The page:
- Winding or reeling or spooling machines — Bobbin winders
- Production and Processing — Knowledge of raw materials, production processes, quality control, costs, and other techniques for maximizing the effective manufacture and distribution of goods.
- Mechanical — Knowledge of machines and tools, including their designs, uses, repair, and maintenance.
- Education and Training — Knowledge of principles and methods for curriculum and training design, teaching and instruction for individuals and groups, and the measurement of training effects.
- Operation Monitoring — Watching gauges, dials, or other indicators to make sure a machine is working properly.
- Active Listening — Giving full attention to what other people are saying, taking time to understand the points being made, asking questions as appropriate, and not interrupting at inappropriate times.
- Critical Thinking — Using logic and reasoning to identify the strengths and weaknesses of alternative solutions, conclusions or approaches to problems.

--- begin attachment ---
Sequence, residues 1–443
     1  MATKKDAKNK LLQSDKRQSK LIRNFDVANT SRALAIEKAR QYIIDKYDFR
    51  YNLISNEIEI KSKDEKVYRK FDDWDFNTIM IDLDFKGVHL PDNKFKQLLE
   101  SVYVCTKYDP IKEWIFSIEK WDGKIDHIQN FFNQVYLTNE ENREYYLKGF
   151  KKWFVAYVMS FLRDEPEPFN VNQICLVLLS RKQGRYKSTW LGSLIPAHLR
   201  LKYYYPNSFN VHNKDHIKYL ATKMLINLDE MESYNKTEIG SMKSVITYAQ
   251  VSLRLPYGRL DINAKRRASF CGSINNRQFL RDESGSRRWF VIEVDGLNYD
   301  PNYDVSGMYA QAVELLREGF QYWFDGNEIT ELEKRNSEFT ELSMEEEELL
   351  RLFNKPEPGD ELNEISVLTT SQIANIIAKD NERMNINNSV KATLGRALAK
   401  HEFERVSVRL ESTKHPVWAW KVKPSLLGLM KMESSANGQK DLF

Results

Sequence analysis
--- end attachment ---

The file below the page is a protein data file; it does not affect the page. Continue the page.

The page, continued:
- Operation and Control — Controlling operations of equipment or systems.
- Quality Control Analysis — Conducting tests and inspections of products, services, or processes to evaluate quality or performance.
- Reading Comprehension — Understanding written sentences and paragraphs in work related documents.
- Arm-Hand Steadiness — The ability to keep your hand and arm steady while moving your arm or while holding your arm and hand in one position.
- Control Precision — The ability to quickly and repeatedly adjust the controls of a machine or a vehicle to exact positions.
- Near Vision — The ability to see details at close range (within a few feet of the observer).
- Manual Dexterity — The ability to quickly move your hand, your hand together with your arm, or your two hands to grasp, manipulate, or assemble objects.
- Oral Comprehension — The ability to listen to and understand information and ideas presented through spoken words and sentences.